My colleagues have written on the enforceability of in terrorem clauses, and the courts continue to confront challenges in reconciling the testator’s intent to impose an in terrorem condition with the rights of beneficiaries to challenge the conduct of their fiduciary. The New York County Surrogate’s Court’s recent decision in Matter of Merenstein provides further
Surrogate McCarty of Nassau County recently addressed a case in which the parents of a deceased minor each sought letters of administration, alleging that the other was ineligible. Frank Santoro discusses the decision, as well as general rules of eligibility to serve as a fiduciary, in our most recent entry.
Continue Reading Who May Serve as Fiduciary?
Courts may implement various remedies when a fiduciary fails to comply with an order to account. This was recently illustrated by Surrogate Holzman’s decision in In re Brissett, which Ilene Cooper discusses in this week’s entry.
Continue Reading Lessons From the Bench: Remedies for Breach of Fiduciary Duty
Last week, the Second Department overturned a determination of the Kings County Surrogate’s Court that had disqualified an executrix based upon her selection of counsel. But while holding that letters should be reinstated, the Appellate Division also directed the fiduciary to obtain new representation. Eric Penzer discusses the decision in this week’s entry.
Continue Reading Estate Fiduciary Wrongly Deprived of Counsel of Choice?
Legal fees incurred by fiduciaries in connection wtih their stewardship are generally chargeable to a trust or estate as a whole. This week’s blog entry discusses a recent case in which non-objecting beneficiaries sought to allocate trustees’ litigation costs solely to the objecting parties’ interests.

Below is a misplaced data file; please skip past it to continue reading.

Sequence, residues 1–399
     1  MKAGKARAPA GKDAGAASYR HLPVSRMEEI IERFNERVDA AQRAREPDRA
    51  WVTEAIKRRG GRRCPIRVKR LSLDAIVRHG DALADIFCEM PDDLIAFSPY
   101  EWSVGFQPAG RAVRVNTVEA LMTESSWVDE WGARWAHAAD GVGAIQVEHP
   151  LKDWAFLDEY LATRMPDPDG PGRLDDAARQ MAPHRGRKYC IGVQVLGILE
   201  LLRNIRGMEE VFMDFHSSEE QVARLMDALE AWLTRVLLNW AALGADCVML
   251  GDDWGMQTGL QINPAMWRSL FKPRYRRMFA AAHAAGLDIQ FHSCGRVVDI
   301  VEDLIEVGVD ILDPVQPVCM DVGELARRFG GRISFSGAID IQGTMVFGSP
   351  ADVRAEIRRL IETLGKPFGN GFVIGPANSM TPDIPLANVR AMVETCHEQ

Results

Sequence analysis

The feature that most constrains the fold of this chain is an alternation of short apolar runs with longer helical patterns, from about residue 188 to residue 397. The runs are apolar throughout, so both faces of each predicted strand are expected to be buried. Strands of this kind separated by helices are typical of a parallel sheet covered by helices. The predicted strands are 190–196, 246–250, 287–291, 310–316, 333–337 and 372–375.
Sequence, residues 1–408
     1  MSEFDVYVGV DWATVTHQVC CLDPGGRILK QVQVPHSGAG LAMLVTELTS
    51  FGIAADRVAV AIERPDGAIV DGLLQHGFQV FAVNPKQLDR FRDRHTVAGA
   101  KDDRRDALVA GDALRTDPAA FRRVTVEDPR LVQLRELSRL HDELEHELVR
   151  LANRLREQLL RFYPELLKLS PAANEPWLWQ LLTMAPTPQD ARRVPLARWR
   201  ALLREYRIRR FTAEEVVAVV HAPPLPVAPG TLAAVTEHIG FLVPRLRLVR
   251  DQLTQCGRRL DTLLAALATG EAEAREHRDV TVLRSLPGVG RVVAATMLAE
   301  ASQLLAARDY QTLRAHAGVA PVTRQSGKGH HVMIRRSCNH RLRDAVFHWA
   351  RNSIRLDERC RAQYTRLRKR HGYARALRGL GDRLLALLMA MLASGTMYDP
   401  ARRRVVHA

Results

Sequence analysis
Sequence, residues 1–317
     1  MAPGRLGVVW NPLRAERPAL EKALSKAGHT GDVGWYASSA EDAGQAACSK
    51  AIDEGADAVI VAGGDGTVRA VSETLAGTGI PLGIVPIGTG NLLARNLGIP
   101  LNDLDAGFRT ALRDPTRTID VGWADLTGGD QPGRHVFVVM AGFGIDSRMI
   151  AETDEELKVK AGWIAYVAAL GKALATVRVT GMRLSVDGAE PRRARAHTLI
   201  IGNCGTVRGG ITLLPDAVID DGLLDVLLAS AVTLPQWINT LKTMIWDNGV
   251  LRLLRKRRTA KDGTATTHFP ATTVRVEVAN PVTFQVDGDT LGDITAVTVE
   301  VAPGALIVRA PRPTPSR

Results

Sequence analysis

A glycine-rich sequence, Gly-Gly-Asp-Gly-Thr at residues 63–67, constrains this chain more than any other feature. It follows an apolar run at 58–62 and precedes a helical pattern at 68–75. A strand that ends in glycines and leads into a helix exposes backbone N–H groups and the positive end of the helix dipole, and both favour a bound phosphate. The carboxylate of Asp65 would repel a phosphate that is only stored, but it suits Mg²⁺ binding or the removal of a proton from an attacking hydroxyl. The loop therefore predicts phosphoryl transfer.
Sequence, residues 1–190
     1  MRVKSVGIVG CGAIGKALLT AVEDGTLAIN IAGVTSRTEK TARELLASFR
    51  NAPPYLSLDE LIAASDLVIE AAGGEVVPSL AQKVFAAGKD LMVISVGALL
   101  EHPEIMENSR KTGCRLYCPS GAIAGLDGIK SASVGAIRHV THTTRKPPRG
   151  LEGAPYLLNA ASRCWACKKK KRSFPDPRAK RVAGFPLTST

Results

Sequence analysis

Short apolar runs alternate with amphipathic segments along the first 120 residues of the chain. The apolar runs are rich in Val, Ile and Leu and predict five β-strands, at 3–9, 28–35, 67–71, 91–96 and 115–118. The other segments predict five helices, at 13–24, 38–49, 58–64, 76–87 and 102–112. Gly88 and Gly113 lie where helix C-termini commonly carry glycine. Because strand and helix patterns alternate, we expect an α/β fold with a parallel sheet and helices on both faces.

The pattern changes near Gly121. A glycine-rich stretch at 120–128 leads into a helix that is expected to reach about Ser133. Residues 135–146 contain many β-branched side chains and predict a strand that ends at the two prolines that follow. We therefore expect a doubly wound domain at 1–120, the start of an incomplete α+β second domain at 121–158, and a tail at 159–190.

Continue Reading Beneficiary Participation Irrelevant to Allocation of Trustees’ Litigation Costs
This week’s entry discusses a recent decision rejecting an executor’s attempt to “sell” the decedent’s house to herself for the price of $10.
Continue Reading Court Rejects Executor’s Attempt to Sell House To Herself For $10
Questions often arise regarding a nominated executor’s authority to commence an action on behalf of the estate prior to the issuance of letters testamentary. These must be answered on a case-by-case basis.
In general, the authority of an executor “is derived from the will, not from the letters issued by the Surrogate” (see Matter of Yarm, 119 AD2d 754 [2d Dept 1986]). Thus, the executor’s duty to preserve estate assets arises immediately upon the testator’s death.
Pursuant to EPTL §11-1.3, a named executor of a will that has not yet been admitted to probate “has no power to dispose of any part of the estate of the testator before letters testamentary or preliminary letters testamentary are granted, . . . nor to interfere with such estate in any manner other than to take such action as is necessary to preserve it” (emphasis added). It is the language of this statute, and the similar words of its predecessor, Surrogate’s Court Act §223, that the courts have used as a guide in determining the circumstances under which named executors without letters may commence actions on behalf of the estate for which they are nominated to serve. Because the statute provides that a named executor may take actions that are necessary to “preserve” an estate, courts’ interpretations of the statute have established a fine line between those actions that are commenced for purposes of preservation, and those that constitute “active management” of estate affairs.